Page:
Location: Melbourne, VIC
Posts: 6,004
Trader Rating: 2 (100%+)
Default

Originally Posted by Mini35


unless you’re specifically required to run Tamiya parts I’d just get some 3Racing hexes. They do several thicknesses, part code 3RAC-WX125 (last digit denotes thickness ie 5mm, 6mm, 7mm. No need to go any thicker than 6mm on a mini.
The stock plastic hubs are 6mm
gigaplex is offline  
Old 03-27-2019, 09:44 PM
  #29816  
Tech Elite
iTrader: (43)
 
Join Date: Mar 2009
Location: Santa Clarita, CA
Posts: 2,903
Trader Rating: 43 (100%+)
Default

Originally Posted by dmcguire
The ball diff when real tight is good on asphalt with brushed in my experience. 21.5 brushless I wore it out quick. If you don't have the ball diff, you can add extra washers under the beveled gears in the stock gear diff and put a bunch of the Tamiya Anti Wear grease to really tighten it. You can then adjust the case screws to adjust tightness. This held up much better with the brushless power and no aftermarket parts needed. You can also drill a hole in the side of the chassis to be able to adjust the diff tightness also. Just have to eyeball where to put the hole. I don't think there would be a noticeable difference between this and a ball diff.

But like mentioned above, sway bars, wide hubs and soft springs should help. I also felt that adding weight under the servo on the MO5 helped a lot too in the handling dept.
when you say put washers under bevel gears are you talking about the big gears only? or all the gears?
Phillip F is offline  
Old 03-28-2019, 12:59 AM
  #29817  
Tech Champion
iTrader: (2)
 
gigaplex's Avatar
 
Join Date: Dec 2015
Location: Melbourne, VIC
Posts: 6,004
Trader Rating: 2 (100%+)
Default

Originally Posted by Phillip F
when you say put washers under bevel gears are you talking about the big gears only? or all the gears?
Big gears
gigaplex is offline  
Old 06-13-2019, 11:16 AM
  #29818  
Tech Elite
iTrader: (2)
 
Join Date: Sep 2010
Location: Chicagoland
Posts: 2,313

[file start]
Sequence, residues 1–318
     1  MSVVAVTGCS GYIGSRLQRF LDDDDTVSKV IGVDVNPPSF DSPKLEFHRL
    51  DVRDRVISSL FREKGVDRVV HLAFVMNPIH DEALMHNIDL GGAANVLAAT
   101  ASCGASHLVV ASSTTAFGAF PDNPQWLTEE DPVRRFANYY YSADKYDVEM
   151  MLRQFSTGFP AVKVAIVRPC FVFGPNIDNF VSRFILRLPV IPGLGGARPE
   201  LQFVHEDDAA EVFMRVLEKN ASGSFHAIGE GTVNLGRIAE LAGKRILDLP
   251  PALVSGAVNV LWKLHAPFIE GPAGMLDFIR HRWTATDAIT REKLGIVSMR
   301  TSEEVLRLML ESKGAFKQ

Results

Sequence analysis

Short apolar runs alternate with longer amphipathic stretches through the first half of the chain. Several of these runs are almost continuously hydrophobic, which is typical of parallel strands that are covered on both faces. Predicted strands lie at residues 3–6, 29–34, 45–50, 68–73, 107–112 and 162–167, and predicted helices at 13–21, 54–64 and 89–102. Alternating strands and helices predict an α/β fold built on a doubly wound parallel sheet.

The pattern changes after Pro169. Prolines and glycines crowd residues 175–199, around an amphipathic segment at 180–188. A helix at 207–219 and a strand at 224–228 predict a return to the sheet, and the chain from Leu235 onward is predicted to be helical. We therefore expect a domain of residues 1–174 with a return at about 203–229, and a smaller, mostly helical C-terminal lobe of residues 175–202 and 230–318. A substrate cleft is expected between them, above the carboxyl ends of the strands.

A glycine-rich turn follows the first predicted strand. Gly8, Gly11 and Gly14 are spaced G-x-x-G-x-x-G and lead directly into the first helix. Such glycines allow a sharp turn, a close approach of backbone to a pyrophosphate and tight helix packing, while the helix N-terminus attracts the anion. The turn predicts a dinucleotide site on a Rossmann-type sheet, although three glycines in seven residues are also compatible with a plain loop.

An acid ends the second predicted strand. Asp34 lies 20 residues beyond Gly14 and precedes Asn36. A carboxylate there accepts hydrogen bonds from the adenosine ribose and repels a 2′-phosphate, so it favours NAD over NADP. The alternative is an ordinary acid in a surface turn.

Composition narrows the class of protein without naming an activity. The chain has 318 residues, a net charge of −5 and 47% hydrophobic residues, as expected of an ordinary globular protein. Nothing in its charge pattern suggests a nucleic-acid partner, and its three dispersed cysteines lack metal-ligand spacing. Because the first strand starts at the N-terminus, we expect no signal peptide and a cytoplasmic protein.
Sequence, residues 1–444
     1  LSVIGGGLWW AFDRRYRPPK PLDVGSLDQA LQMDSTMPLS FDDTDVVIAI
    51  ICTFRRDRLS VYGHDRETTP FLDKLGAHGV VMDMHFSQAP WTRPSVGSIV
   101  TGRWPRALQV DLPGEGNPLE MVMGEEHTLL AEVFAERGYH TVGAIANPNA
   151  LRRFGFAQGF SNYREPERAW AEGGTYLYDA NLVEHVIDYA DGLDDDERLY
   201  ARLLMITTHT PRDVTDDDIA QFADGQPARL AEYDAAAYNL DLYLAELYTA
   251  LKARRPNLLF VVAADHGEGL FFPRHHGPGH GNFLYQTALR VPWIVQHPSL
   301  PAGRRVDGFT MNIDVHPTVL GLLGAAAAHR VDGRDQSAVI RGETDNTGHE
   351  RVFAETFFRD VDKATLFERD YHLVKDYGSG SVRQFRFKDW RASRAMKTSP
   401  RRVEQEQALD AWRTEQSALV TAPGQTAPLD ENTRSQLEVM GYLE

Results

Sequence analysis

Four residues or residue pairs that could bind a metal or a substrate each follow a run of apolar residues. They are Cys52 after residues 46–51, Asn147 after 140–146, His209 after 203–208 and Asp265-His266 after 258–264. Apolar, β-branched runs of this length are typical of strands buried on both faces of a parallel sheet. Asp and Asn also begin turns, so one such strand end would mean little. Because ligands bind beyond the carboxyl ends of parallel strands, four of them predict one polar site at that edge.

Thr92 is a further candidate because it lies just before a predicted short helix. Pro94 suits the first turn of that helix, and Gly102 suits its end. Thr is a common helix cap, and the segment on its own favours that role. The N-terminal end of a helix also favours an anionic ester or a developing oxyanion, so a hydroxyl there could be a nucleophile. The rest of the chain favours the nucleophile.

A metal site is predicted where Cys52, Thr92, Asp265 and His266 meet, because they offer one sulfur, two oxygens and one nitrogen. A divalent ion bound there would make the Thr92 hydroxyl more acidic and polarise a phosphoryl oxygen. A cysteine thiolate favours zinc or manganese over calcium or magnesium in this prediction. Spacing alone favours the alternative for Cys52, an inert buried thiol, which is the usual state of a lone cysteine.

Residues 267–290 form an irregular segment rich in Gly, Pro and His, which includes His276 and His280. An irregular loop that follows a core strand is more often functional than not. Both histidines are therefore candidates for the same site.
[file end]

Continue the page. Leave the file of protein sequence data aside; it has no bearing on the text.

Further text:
Trader Rating: 2 (100%+)
Default

Lets keep this thread going.

So the M07 is now old hat. The M08 is coming out soon. There's been a rumor or two of the M05/06 being dropped from TCS so they can open up mini gearing.

What else is news?
Nerobro is offline  
Old 06-13-2019, 11:29 AM
  #29819  
Tech Champion
iTrader: (94)
 
Raman's Avatar
 
Join Date: Aug 2007
Location: Las Vegas
Posts: 5,335
Trader Rating: 94 (100%+)
Default

Originally Posted by Nerobro
Lets keep this thread going.

So the M07 is now old hat. The M08 is coming out soon. There's been a rumor or two of the M05/06 being dropped from TCS so they can open up mini gearing.

What else is news?
What they should do is release a gear update! I was driving my M06 at 702 yesterday with Ride cheat gears and 23t pinion.. I wasn’t falling asleep on back straight.. I was a second off pace my VTA car!
Raman is offline  
Old 06-13-2019, 12:07 PM
  #29820  
Tech Adept
 
Join Date: Sep 2009
Location: UK
Posts: 163
Default

Originally Posted by Raman


What they should do is release a gear update! I was driving my M06 at 702 yesterday with Ride cheat gears and 23t pinion.. I wasn’t falling asleep on back straight.. I was a second off pace my VTA car!
Which holes do you run the motor in with a 23t? I thought pinion options for the cheat gears were 22 or 24 (both in the 20 holes with either the 35 or 33 spur respectively).
Mini35 is offline  

Thread Tools
Search this Thread

Contact Us - Archive - Advertising - Cookie Policy - Privacy Statement - Terms of Service -

Copyright © 2024 MH Sub I, LLC dba Internet Brands. All rights reserved. Use of this site indicates your consent to the Terms of Use.